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Exhibition Shattering preconceptions

JOSEPHINE BARTOSCH reports on a unique pottery exhibition which challenges the myths surrounding female prostitution

AN “OPEN studio goes on the road,” is how artist Claudia Clare describes the exhibition And the Door Opened (AtDO).

The large ceramic pots she creates for it are not hidden away in exclusive galleries. They are proudly on view in venues such as a shopping centre, a library and a church.

Arts Council-funded, it is a vibrant exhibition that invites the public to watch the creation, ritualistic smashing and reconstruction of art works.

Clare etches the stories of those who have been exploited in prostitution into her pots. Pieces such as I Am Not a Criminal and Street to Hostel and Exit celebrate the resilience of women in the face of violence and societal indifference. These hidden realities are central to her work.

Fiona Broadfoot, a campaigner whose portrait stares out from one of Clare’s pots, was groomed into prostitution as a teenager before exiting in her mid-twenties and, as she explains: “There’s a lot of money invested in promoting the ‘happy hooker myth’ and it’s easier to believe that the women and girls abused in prostitution chose to be there.

“Social services and the police write women and children off and those who are prostituted are blamed for their own abuse.

“This must change and I hope those who see this work understand this and that they learn about the stories of the women behind these pots.

 “Looking at Claudia’s pots I can see my story represented on many levels. Like the pots, I still carry cracks from when I was broken and can still feel fragile at times but I am whole and I am proud.”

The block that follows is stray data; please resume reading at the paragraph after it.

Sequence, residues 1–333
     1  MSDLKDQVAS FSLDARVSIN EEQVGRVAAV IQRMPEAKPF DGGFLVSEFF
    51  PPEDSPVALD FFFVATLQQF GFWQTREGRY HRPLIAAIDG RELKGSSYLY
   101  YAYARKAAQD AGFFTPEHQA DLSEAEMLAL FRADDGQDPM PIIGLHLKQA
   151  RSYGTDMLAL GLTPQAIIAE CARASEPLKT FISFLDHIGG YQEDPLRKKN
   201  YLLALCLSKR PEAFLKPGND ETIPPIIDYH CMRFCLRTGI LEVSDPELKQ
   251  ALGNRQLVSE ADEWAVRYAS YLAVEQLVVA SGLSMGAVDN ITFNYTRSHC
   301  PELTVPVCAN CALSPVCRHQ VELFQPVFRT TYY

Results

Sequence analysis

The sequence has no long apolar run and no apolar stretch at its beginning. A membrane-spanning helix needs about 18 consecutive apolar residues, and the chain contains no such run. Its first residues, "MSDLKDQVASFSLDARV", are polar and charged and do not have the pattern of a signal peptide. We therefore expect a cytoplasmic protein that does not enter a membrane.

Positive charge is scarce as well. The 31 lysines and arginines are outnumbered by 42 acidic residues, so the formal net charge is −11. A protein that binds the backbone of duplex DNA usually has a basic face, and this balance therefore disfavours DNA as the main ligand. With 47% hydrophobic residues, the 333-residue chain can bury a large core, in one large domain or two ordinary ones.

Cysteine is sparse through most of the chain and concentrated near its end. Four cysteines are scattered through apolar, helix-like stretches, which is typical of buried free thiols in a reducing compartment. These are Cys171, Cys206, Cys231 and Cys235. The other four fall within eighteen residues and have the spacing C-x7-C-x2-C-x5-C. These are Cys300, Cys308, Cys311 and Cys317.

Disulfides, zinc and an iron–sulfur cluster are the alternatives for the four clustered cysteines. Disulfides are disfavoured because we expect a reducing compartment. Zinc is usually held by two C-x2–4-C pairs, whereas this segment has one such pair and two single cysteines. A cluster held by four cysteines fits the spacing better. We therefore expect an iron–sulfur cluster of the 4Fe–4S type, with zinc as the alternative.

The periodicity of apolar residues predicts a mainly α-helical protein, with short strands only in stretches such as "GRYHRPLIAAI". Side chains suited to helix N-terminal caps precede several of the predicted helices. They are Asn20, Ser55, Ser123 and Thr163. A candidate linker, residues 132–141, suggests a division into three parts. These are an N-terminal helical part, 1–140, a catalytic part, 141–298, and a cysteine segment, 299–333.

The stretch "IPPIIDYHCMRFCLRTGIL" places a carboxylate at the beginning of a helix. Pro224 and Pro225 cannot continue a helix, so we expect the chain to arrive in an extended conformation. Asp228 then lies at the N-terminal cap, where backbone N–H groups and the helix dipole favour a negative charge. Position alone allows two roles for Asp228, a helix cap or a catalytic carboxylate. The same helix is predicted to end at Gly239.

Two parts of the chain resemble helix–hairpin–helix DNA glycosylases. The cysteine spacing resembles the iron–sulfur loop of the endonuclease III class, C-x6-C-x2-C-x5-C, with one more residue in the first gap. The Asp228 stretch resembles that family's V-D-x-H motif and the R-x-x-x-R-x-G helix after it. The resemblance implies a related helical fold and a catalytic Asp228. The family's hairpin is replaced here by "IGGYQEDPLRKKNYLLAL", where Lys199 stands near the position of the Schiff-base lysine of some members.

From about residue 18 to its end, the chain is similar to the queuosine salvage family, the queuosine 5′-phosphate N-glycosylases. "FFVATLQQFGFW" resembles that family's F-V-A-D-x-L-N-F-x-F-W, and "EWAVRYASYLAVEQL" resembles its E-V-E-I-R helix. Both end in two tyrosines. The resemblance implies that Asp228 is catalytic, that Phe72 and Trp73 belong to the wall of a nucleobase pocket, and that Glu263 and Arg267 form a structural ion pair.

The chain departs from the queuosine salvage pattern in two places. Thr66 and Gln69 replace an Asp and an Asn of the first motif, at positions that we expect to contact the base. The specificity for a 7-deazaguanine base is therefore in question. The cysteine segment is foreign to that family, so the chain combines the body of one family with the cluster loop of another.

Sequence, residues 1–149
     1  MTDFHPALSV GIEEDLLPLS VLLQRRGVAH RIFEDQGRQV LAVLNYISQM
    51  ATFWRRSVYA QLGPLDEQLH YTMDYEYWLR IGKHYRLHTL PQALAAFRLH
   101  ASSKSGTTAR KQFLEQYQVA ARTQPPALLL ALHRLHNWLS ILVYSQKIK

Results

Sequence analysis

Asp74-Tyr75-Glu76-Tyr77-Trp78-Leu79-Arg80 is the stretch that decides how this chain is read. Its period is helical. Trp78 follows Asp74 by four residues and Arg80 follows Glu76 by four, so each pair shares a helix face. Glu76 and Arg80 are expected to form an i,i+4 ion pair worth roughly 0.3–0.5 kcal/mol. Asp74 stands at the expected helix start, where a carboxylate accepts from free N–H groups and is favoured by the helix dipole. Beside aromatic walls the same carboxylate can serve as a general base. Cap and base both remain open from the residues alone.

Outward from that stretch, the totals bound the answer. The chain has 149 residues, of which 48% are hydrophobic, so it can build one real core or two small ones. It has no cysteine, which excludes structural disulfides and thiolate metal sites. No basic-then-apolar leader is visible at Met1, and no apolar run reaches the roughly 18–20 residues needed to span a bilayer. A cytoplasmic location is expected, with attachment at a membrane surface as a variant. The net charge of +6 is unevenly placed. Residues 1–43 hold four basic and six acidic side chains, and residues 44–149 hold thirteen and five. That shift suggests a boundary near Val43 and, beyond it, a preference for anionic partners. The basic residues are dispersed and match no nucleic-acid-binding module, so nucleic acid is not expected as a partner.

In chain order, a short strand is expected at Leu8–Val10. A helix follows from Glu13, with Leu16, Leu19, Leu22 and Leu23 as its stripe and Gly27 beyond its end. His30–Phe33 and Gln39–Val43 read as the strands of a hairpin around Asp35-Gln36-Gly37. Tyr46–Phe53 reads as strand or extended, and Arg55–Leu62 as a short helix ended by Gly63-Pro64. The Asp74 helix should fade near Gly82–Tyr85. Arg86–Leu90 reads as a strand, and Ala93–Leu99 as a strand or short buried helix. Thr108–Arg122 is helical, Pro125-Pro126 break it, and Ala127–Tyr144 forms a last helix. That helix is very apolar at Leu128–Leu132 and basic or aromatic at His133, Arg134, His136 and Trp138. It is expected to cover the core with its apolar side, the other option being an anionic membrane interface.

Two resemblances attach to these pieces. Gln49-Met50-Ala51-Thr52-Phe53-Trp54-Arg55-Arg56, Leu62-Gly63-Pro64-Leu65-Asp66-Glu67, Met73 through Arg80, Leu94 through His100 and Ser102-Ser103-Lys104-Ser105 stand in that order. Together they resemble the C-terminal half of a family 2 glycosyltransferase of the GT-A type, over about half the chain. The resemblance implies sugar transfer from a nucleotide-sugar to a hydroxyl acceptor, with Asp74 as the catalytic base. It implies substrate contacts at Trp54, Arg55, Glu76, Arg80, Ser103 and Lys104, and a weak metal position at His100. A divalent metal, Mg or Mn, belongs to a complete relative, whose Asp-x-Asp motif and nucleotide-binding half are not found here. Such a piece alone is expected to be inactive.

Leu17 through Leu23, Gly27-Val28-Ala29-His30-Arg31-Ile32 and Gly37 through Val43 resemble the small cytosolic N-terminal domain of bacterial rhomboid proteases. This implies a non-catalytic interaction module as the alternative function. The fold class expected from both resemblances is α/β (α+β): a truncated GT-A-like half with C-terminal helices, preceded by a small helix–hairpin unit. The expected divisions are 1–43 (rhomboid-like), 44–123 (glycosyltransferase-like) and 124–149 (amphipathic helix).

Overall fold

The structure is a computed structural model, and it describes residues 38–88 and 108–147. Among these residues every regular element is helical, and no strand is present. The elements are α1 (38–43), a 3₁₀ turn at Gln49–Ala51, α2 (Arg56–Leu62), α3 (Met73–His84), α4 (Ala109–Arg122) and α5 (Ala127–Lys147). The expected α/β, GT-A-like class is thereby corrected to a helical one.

Pilgrim Vase, a piece created by Claudia Clare for the Dear Christine exhibition, is an unflinchingly honest portrait of Christine Keeler that strips away the sanitising “society showgirl” image.

“Abuse and poverty made Christine an easy target,” Clare says. “It was not her fabled beauty that victimised her, it was socially and sexually entitled, predatory men.”

Much of the power of Clare’s work is created through the process. The smashing and painstaking piecing together of the pots, detailed with gold leaf, leaves a finished piece that is a record both of completeness and destruction.  

They honour the fortitude of women whose stories are too often left untold.

And the Door Opened, with talks, readings and a pot-smashing ceremony, is on from 6-8pm, March 30, Wood Green Library, 191 High Road, Wood Green, N22 6XD as part of Women’s History Month. Free. For information on other shows and related events throughout the year, visit claudiaclare.blogspot.com or claudiaclare.co.uk

 

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